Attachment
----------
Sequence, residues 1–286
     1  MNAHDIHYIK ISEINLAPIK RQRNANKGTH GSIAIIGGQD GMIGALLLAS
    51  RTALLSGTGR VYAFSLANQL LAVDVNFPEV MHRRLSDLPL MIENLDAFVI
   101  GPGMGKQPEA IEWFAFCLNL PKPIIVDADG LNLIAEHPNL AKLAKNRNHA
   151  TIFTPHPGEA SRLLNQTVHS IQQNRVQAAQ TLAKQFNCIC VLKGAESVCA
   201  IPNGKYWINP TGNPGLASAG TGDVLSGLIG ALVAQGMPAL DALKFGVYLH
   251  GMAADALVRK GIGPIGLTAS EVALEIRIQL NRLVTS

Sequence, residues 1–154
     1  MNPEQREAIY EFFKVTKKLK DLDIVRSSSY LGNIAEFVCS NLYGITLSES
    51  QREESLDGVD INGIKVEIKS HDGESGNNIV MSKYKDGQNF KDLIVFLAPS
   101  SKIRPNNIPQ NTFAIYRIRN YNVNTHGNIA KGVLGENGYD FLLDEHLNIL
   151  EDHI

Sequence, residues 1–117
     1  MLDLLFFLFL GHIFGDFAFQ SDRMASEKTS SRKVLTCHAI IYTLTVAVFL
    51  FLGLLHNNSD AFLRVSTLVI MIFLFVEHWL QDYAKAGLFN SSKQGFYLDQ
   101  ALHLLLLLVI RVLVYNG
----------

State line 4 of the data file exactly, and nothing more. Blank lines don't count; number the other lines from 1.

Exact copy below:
   101  GPGMGKQPEA IEWFAFCLNL PKPIIVDADG LNLIAEHPNL AKLAKNRNHA